Acting? Not That I Can See!

     We have read the 1898 novella, The Turn of the Screw, written by Henry James; we have read the 1951 play, The Innocents, written by William Archibald; and now we see the 1961 film, also entitled The Innocents, directed by Jack Clayton. To which direction do I take with an analysis of this film? I am going to look at the acting. Now, I am not a critic, I do not see that many movies, nor do I watch much television. But the actors in this film, to me, were really overacting, and it made it hard for me to enjoy the movie.

     Deborah Kerr played the governess. Far be it for me to judge anyone's acting talents, I understand that she is a classic actress and very "famous," but the way that I saw her in this film was stiff and uncomfortable. Her interactions with the children were unnatural, and it seemed as if she was trying hard to like the children or interact with them. The first time that she met Flora, she acted as if she just loved the little girl, yet she did not know the girl at all. I felt that the time she played the game with the children was also unnatural. I have raised two children, I have played games with them, and there is no stiffness or trying to hard. It just comes naturally. She never seemed to smile, and yet always had a look of long suffering about her. There was a real sense, at least for me, that she seemed scared all the time, actually, from the time that she met the uncle. I do not see how she even got the job, except for the fact that the uncle seemed desperate.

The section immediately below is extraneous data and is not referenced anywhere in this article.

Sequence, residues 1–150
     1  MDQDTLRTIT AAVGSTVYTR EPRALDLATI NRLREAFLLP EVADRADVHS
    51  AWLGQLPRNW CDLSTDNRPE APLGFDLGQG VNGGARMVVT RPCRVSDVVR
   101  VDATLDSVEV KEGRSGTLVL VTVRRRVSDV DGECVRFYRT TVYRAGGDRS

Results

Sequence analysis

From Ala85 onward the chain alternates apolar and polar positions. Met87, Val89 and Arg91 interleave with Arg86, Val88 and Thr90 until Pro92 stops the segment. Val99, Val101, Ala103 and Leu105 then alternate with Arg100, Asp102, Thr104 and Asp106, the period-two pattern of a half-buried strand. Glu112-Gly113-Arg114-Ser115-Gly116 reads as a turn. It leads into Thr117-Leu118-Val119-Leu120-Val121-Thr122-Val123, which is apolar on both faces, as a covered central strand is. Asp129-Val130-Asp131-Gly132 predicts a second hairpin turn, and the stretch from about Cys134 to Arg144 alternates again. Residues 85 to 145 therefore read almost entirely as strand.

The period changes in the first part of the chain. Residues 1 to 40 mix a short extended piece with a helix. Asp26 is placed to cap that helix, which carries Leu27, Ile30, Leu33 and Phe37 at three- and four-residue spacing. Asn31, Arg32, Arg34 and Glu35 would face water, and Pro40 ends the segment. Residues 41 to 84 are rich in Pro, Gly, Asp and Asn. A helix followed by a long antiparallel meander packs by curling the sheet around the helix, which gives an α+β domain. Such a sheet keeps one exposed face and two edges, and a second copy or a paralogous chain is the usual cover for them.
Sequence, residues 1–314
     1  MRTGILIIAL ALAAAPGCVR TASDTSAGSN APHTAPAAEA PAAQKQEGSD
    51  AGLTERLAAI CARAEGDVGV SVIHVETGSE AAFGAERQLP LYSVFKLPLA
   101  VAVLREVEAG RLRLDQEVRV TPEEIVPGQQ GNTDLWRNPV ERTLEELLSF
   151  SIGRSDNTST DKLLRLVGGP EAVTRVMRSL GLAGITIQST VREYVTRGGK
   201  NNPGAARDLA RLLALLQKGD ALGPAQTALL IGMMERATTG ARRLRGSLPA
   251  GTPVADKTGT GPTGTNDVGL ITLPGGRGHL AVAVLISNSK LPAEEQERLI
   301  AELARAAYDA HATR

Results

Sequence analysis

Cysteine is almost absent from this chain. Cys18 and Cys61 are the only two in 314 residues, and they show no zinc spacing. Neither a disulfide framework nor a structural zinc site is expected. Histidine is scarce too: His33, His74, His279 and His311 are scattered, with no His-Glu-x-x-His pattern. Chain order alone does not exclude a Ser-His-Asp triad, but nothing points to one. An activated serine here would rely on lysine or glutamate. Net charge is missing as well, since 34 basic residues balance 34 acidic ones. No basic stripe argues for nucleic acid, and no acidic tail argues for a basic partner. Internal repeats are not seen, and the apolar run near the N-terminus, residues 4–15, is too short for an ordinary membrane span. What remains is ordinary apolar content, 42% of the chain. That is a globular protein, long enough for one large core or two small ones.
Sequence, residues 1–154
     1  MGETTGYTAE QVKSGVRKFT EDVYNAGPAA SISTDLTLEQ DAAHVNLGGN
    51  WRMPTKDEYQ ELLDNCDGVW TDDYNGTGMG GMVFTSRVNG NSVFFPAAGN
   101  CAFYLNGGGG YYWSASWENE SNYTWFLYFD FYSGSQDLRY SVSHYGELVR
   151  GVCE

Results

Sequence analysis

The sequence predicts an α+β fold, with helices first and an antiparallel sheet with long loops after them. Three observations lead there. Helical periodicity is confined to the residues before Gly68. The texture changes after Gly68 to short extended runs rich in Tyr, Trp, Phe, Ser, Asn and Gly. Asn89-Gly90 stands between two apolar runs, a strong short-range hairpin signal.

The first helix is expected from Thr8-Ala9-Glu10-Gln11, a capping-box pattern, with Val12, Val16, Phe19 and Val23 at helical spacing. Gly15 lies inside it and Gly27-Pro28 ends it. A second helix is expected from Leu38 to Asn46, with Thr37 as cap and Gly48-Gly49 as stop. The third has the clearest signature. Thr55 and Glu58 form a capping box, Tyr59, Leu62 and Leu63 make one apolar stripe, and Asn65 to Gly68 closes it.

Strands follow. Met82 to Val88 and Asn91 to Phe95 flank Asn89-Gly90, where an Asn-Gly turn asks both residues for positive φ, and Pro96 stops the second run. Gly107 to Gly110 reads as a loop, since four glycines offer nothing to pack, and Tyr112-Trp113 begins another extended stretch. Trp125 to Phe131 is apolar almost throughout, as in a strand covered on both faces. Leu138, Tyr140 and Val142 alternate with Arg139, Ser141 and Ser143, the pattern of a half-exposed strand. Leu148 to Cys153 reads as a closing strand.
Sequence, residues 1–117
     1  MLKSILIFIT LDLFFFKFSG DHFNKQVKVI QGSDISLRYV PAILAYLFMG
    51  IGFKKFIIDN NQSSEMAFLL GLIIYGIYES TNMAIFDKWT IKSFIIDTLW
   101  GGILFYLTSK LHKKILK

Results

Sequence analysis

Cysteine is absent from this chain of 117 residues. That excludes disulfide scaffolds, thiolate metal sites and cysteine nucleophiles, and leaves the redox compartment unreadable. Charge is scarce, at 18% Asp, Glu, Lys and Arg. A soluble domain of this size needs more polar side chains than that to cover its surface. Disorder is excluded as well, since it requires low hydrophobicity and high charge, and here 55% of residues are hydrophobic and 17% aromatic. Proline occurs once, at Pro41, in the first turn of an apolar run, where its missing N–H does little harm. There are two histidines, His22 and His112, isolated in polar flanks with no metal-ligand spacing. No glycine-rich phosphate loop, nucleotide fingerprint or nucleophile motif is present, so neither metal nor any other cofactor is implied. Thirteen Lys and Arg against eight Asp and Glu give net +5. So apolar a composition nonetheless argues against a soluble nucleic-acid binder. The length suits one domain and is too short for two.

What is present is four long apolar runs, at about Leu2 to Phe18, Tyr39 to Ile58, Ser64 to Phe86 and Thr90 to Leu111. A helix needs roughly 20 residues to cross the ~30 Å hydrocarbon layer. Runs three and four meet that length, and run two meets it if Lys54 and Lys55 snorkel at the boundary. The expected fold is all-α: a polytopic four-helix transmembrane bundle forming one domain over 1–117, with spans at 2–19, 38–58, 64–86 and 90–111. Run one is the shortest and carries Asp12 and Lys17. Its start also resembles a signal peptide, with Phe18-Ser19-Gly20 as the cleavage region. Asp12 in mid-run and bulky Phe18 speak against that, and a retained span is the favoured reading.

Now the uncle played by Michael Redgrave, he was something else. He portrayed his arrogance very well. While he only had a small part in the beginning of the film, I think it set the tone for the whole film. The governess seemed to always be wondering what he would say, do or think. Yet, she knew that she was on her own. It was my understanding that the governess had a "crush" on him--how can someone have a "crush" on another when they only met once for a very short period of time? I got the impression that she was more afraid of him than in love with him.

     The children, Flora (Pamela Franklin) and Miles (Martin Stephens) although cute, were also seemingly unnatural acting. I almost felt that they were reading their lines as they spoke them. They were too perfect, too nice, too clean, and very unnatural for children. During the film I often watched the children, as they played and as they interacted with each other. I compared them to the way children really do act--no comparison that I saw. What laughing the children did was forced. Children are so much more natural and innocent than these were portrayed to be. Yes, I do understand that these children where brought up differently, alone with only each other and their imaginations. But they were still children and should have been portrayed more naturally, more childlike. I almost felt as if I was watching three-foot tall adults.

     Perhaps my perceptions are wrong; they very well could be. Yet, it would take a lot for me to say that I liked this movie or that I felt the acting was good.

Rory Hughes-Melton

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